The Functional View provides specific detail about each of the milestones identified on the Roadmap, explaining their purpose, nature of the product or activity, known dependencies, and descriptive information. Note that out-year milestones are more notional and have less detail than activities presently underway. It is from this functional view, however, that the progression and maturation of capabilities is described and detailed.
Roadmap Use. The Logica Roadmap will serve several purposes and objectives, depending upon your individual role and the nature of engagement with the Logica community. It merits mention that most
|It is expected that the Roadmap has a larger role to fill, particularly in assisting like-minded community contributors to determine where and how they might help advance the needs of industry.|
stakeholders will likely interact with only portions of the Roadmap in any given context. For example, a specific Logica project will likely produce one or several products that are identified as Roadmap milestones, but will also have other milestones that do not appear. That is to be expected. Similarly, that same project will likely have dependencies on other Milestones produced by other efforts. The roadmap provides a unified view, showing how different parts of the ecosystem fit together to build the greater whole.
The Transition Map is the focal component of the Logica Roadmap. It was created through an iterative process of brainstorming, analysis, and modeling, with each step being assessed for fitness-for-purpose based upon the intended goal of articulating the areas of priority for Logica and the
Current State (“1” on the figure). The current state appears on the T-Map as a box in the lower left corner. It contains 5-7 bullet points describing the state of the industry as it stands today. Specifically, the Current State describes today’s interoperability challenges and common practices in HIT.
Future State (“2” on the figure). The future state appears on the T-Map as a box in the upper right corner, describing our aspirational future reality: the world as we would like it to be. Specifically, the Future State is based upon Logica’s Mission and Goals, community input, active and planned work, and strategic initiatives.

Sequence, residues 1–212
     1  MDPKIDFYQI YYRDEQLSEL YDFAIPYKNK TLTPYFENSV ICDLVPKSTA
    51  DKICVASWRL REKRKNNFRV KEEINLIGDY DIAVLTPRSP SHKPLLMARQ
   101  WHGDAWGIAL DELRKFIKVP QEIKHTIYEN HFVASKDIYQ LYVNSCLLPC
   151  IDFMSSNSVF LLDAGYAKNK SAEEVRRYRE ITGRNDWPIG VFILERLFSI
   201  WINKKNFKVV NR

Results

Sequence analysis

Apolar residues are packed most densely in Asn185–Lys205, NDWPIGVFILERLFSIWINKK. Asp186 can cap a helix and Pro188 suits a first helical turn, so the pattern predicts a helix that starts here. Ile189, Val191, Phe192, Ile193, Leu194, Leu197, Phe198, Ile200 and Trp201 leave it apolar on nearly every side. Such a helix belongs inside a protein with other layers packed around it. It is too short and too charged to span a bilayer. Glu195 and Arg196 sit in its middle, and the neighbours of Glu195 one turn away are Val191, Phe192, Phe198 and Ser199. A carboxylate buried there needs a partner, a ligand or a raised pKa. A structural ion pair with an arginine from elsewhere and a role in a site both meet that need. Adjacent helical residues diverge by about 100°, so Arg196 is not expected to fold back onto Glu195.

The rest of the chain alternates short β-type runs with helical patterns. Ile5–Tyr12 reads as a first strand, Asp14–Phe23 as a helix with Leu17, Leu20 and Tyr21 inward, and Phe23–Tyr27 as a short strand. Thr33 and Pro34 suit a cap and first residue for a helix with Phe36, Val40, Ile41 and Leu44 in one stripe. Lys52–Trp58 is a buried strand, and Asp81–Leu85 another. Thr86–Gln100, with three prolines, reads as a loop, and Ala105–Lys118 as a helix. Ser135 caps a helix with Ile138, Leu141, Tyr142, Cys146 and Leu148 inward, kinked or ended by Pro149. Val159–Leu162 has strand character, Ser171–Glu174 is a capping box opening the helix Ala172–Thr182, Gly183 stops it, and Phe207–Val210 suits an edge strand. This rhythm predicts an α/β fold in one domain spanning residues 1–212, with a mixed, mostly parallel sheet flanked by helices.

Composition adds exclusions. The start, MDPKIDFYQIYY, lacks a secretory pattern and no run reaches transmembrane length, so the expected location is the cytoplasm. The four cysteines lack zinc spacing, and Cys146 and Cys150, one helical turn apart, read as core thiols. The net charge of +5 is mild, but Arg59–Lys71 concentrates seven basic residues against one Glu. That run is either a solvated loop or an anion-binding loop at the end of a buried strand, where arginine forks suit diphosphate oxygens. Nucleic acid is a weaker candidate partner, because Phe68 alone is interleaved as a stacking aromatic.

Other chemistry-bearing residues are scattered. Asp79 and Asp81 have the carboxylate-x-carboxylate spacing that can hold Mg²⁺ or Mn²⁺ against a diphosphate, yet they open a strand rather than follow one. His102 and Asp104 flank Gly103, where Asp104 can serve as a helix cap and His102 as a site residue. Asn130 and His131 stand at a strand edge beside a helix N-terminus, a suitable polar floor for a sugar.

Segments and Swim-lanes (“3” on the figure). Reflected on the diagram as the “sunburst” from the upper right corner, the complex domain has been divided into segments and then again into swim-lanes. Each segment represents a specific perspective by exclusively focusing on a defined high-level theme, and is characterized by a principal problem statement appearing along the boundary of each swim-lane. The swim-lane construct simplifies these complexities by “telling the story” one perspective at a time, noting that interdependencies exist among them.
Phases (“4” on the figure). Appearing as radial arcs, the phases within the T-Map represent time, with the outermost band representing the present day and the innermost reflecting the target state. Note that the phases transcend the swim-lanes, and in fact unify activities and milestones.
The phases represent “major deliverables” and can be anecdotally considered Logica 1.0, 2.0, 3.0, etc.
Milestones (“5” on the figure). Within each swim-lane are identified a number of milestones, each of which indicates an objective, measurable point indicating the completion of an activity within that lane. The milestones represent the path from the “As Is” to the “Future State”
Reading the Diagram. The heart of this roadmap document is the central graphic – the “Transition Map”(abbreviated as T-Map) – that depicts an “at a glance” a visualization of the major areas of interest and corresponding milestones related to those areas.
These swim-lanes are not categories and are not mutually exclusive. They are perspectives, looking at the problem space from a particular point-of-view, and highlighting milestones and considerations reflected from that point of view. Architecturally speaking, this is a “separation of concerns”, where each swim-lane represents a different dimension of this health information technology landscape. For this reason, it is common for one project or activity to have milestones in multiple swim-lanes, and that occurs in this Logica T-Map.
Please reference the “T-Map Described” callout box for a description of each element of the diagram. The 2018 Logica T-Map follows. Note that the swim-lane/segment view does not reflect one particular project or product, rather it provides the cross-section of milestones affecting multiple Logica efforts, illustrating the critical path to achieving our future vision.